Debunking credit card myths: Will I always earn bonus points with certain merchants?
Editor’s note: This post has been updated with new information.
We devote a lot of time to travel rewards credit cards here at TPG. By strategically opening and utilizing these cards, you can unlock valuable redemptions like first-class flights and luxurious hotel rooms. However, there are a number of misconceptions out there when it comes to credit cards, so today, I’ll continue diving into our series that debunks these myths and allows you to begin planning for your next vacation.
Let's talk about one of the most popular ways of boosting your account balances: earning bonus points on credit cards.
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Myth: I am guaranteed to earn bonus points at certain types of merchants
When it comes to the best rewards credit cards, one of the best ways to maximize your earnings is by using them strategically at different merchants.
Depending on the type of purchase, you’ll be eligible to earn bonus points by using certain cards. Some of my favorite cards that fit this bill include:
- Chase Freedom Flex: Offers 5% cash back (5x points) at rotating categories each quarter (up to $1,500 in purchases each quarter; activation required)
- Chase Sapphire Reserve: Offers 3x bonus points at restaurants and on a wide array of travel purchases
- The Platinum Card® from American Express: 5x points on airfare booked directly with the airline or through Amex Travel (5x points on up to $500,000 on these purchases per calendar year), plus 5x points on hotels booked through Amex Travel.
Unfortunately, these bonuses do not always post as expected. This is all due to the relatively inane element of the financial industry known as merchant category codes (MCCs for short). In essence, every merchant is classified under a certain category, and if your card offers bonus points within that category, you should be eligible to earn a bonus when you swipe your card there.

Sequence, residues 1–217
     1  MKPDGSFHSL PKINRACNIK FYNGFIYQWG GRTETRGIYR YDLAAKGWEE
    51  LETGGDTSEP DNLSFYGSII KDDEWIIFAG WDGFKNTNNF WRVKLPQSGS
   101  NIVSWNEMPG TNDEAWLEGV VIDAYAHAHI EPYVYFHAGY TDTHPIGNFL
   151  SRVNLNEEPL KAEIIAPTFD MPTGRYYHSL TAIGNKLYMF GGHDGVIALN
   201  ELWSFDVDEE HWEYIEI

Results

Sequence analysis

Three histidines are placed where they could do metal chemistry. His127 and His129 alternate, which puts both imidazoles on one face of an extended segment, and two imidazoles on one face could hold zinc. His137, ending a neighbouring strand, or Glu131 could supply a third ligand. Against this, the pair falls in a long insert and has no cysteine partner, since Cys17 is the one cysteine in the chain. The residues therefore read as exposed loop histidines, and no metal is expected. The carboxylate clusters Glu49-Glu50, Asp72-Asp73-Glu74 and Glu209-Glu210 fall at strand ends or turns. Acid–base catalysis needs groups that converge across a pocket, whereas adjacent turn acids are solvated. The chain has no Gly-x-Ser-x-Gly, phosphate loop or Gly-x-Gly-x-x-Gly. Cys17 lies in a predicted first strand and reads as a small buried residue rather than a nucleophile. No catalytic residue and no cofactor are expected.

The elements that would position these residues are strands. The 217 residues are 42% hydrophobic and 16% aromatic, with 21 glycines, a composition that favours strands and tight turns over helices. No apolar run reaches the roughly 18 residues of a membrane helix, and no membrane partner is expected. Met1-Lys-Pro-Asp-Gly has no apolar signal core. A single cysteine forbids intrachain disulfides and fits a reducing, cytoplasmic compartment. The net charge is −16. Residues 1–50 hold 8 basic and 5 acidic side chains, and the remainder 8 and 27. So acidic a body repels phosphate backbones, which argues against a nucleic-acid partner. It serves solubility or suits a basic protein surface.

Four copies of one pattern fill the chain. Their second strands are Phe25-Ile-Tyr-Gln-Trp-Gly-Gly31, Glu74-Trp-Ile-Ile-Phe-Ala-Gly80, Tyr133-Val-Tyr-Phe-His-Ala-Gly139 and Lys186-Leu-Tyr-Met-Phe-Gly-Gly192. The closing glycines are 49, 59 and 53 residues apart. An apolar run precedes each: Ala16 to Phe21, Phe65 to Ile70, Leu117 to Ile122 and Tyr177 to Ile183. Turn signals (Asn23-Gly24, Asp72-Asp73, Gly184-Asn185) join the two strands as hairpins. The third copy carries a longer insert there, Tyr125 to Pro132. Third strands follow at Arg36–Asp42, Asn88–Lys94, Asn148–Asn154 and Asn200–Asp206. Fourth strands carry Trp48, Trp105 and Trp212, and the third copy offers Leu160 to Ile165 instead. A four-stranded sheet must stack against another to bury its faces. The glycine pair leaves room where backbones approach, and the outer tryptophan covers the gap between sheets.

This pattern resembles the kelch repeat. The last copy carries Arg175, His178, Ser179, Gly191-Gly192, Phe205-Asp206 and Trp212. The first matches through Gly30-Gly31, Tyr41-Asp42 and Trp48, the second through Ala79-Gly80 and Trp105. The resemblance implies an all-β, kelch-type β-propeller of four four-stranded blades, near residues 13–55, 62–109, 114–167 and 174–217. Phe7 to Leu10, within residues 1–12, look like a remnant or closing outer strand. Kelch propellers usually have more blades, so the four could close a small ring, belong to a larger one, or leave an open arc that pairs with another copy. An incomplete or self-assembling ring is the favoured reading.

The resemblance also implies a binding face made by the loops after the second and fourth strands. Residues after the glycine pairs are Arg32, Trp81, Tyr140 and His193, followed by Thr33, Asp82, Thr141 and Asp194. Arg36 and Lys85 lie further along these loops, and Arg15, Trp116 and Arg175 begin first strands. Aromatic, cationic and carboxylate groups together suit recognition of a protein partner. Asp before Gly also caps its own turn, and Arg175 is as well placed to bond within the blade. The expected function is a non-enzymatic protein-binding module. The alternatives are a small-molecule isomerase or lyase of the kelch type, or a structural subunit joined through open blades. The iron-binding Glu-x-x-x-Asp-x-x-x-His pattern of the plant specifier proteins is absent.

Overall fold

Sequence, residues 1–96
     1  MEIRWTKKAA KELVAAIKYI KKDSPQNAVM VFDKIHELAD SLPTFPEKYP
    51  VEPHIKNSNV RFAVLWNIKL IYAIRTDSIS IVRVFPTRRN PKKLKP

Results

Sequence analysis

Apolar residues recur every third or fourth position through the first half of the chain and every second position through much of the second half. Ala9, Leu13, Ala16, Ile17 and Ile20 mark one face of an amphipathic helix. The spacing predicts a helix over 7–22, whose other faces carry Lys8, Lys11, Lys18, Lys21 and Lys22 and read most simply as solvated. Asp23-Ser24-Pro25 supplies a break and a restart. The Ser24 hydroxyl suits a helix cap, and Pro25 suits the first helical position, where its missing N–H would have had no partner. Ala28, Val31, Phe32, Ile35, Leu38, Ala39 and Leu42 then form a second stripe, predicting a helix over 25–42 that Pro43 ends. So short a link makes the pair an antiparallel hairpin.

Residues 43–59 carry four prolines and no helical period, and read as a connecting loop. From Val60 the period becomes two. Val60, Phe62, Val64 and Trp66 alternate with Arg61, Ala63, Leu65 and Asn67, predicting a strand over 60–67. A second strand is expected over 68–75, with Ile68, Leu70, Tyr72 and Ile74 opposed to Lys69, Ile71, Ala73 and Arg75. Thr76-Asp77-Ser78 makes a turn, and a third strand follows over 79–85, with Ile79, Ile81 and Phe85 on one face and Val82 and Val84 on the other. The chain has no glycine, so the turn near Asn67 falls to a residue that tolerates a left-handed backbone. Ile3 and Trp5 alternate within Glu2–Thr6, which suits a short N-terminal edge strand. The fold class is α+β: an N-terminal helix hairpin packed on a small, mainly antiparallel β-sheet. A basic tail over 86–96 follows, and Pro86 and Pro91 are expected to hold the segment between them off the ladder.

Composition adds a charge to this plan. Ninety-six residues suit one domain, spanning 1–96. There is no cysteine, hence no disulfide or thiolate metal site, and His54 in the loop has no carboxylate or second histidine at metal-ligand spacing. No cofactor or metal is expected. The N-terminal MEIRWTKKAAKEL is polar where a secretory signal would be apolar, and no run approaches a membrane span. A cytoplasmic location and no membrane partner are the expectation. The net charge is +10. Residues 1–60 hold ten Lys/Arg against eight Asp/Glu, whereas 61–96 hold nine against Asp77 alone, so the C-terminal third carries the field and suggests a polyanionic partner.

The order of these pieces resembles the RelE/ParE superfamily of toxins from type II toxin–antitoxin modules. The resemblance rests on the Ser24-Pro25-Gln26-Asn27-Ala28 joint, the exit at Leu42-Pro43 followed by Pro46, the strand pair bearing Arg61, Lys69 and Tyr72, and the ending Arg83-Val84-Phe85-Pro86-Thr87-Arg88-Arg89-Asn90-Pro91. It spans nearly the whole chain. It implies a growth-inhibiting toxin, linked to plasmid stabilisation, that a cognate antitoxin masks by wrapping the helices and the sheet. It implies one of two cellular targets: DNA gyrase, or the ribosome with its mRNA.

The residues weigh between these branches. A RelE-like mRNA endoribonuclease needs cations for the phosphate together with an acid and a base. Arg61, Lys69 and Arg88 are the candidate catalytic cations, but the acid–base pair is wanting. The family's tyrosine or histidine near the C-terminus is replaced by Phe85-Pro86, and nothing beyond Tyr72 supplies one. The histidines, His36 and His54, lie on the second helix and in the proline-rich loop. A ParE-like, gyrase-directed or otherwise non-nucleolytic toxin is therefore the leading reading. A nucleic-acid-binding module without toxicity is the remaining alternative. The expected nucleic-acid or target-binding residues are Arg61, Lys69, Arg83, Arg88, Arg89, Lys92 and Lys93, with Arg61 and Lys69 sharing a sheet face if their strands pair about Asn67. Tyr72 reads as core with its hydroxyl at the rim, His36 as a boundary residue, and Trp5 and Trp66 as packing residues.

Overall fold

Related: How to ensure you earn bonus points for grocery purchases
In reality, it doesn’t always work out that way. There are some merchants that are coded differently than you would expect, and you may wind up missing out on points as a result.
For example, back in June, I visited a local Honeybaked Ham store to grab lunch. I figured it would be coded as dining, so I used my Chase Sapphire Reserve to earn 3x on dining. However, I was surprised to see that I was only awarded one point per dollar spent when it posted to my account. When I visited this handy MCC look-up tool, I noticed that it did not code as a restaurant.
The total was only $17.78, so I only missed out on 54 Ultimate Rewards point (worth $1.08 based on TPG’s most recent valuations). However, if I was counting on a large purchase earning hundreds or even thousands of bonus points, I’d be out of luck.
To prevent this from happening, I’d encourage you to start with the Visa look-up tool (if it's a Visa card) I mention above to get an idea of how your purchase will be categorized.
If possible, try making a small purchase before going for a larger one and check to see how it’s categorized in your online account. Finally, if you find a discrepancy, consider bringing it to the attention of your card issuer. If it was a mistake on their part, they’ll usually resolve it quickly. Unfortunately, if the merchant isn’t coded properly (like with my Honeybaked Ham example above), there typically isn’t anything the credit card company can do.
Related: Small card transactions lead to big rewards: 17 ways to earn even more points
When you use your credit cards at different types of merchants like grocery stores and gas stations, you’d like to think that you’re getting all of the bonus points you deserve.
Unfortunately, that isn’t always the case, since some stores are classified in quirky ways that could prevent you from earning the double or triple points you’d expect. The best advice is to simply check your accounts each month to make sure that you aren’t being shorted, but if the merchant isn’t coded the way you want, you may be out of luck.
Additional reporting by Chris Dong.